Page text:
OKLAHOMA CITY (AP) _ FBI agents found the same type of volatile high explosive believe to have been used in the suicide bombings in London inside the apartment of a University of Oklahoma student who blew himself up near a packed football stadium, according to newly released documents.
The FBI also discovered ``explosive experiments and paraphernalia'' and 0.4 pounds of a white powder that turned out to be triacetone triperoxide, or TATP, which is composed of hydrogen peroxide and acetone, according to warrants to search the home of Joel Henry Hinrichs III.
The documents were made public Friday after U.S. Magistrate Valerie Couch ruled ``there is no longer any necessity'' for records of the search of Hinrichs' apartment, e-mail account and nine OU computers to remain sealed.
Hinrichs, of Colorado Springs, Colo., died Oct. 1 when an explosive device went off about 100 yards from Gaylord Family/Oklahoma Memorial Stadium.
FBI officials have said in the past the probe didn't uncover any links between the student and terrorist organizations. They have said they may never know whether the student wanted to get inside the stadium.
Federal agents found mixing bowls, a slow cooker, a thermometer, plastic containers, a hobby fuse, a circuit board, six tape rolls, chemicals used to make TATP as well as the TATP in the apartment, the documents showed.
An Oklahoma City police bomb technician, who was not involved in the investigation, told The Oklahoman the amount still in the apartment was enough to ``very easily take both your hands off.''
Hinrichs' laptop computer was still on and screen notes apparently written by Hinrichs to himself were visible, the records show. At the cursor was a phrase that began with profanity and continued `` ... all this. None of you are worth living with. You can all kiss my ass.''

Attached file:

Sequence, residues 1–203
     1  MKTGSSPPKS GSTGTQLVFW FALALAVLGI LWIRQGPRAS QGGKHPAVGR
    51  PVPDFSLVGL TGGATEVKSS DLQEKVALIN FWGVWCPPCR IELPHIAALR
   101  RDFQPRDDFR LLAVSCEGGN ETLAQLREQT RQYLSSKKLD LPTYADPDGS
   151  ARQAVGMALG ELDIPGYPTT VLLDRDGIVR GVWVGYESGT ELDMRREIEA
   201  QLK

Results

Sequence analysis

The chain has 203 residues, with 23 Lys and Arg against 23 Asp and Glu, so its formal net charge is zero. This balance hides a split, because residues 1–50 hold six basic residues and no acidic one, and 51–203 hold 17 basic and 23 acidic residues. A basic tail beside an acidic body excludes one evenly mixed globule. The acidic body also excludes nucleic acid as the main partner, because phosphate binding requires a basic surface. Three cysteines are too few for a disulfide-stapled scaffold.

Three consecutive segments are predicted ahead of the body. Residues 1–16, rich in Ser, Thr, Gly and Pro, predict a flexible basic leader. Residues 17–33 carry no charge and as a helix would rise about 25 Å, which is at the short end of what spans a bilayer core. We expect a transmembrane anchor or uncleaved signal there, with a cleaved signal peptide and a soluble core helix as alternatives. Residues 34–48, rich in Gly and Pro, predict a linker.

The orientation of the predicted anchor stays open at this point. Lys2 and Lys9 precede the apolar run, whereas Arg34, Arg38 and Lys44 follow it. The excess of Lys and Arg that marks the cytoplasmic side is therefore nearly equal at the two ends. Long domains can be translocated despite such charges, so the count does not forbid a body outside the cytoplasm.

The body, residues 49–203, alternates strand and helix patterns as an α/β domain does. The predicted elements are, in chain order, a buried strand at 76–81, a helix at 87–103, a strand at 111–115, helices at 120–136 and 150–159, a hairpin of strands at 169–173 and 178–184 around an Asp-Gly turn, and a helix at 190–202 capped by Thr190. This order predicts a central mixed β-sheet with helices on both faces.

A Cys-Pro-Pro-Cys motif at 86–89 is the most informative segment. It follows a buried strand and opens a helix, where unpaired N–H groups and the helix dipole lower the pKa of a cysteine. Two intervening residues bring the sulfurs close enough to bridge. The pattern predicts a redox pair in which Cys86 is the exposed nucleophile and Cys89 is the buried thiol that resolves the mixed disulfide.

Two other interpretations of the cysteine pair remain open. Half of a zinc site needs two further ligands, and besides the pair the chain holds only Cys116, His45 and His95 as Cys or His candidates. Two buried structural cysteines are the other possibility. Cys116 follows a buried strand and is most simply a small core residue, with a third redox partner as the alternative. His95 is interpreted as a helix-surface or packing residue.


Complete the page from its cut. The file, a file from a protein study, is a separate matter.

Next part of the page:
The FBI also found Hinrichs downloaded from the Internet ``numerous text and image files'' on weapons and explosives, including one on TATP four days before his death.
One video on his computer depicted a lit match being placed above a white powder then a bright flash.
According to the FBI, OU student Lawrence R. Kincheloe III told agents Hinrichs liked explosives, frequently experimented with building and detonating explosive devices and once showed off a detonator.
Kincheloe and Hinrichs were members of the Triangle Fraternity, an organization of engineers, architects and scientists
``Kincheloe told the agents that Hinrichs would drive out to remote areas to try to detonate bombs, but that he never accompanied Hinrichs,'' the FBI reported. ``Kincheloe stated Hinrichs did show him the remains of some ... devices he detonated, which Kincheloe described as pieces of plastic soda bottles.''
OU student Fazal Cheema told agents that Hinrichs had responded to his Internet advertisement for a roommate, and said the two didn't socialize.
Cheema said Hinrichs was quiet and kept to himself and that he wasn't aware of Hinrichs' interest in bombs.
A chemistry book; a crescent wrench; a white sock with at least two protruding wires; a screwdriver with a sock stuffed in the handle; unused wooden matches and other items were found at the bomb site.
The student's father, Joel Hinrichs Jr., said again Friday his son intended to kill only himself.
He is still waiting for the release of his son's remains, after DNA testing is completed. He plans to cremate the body.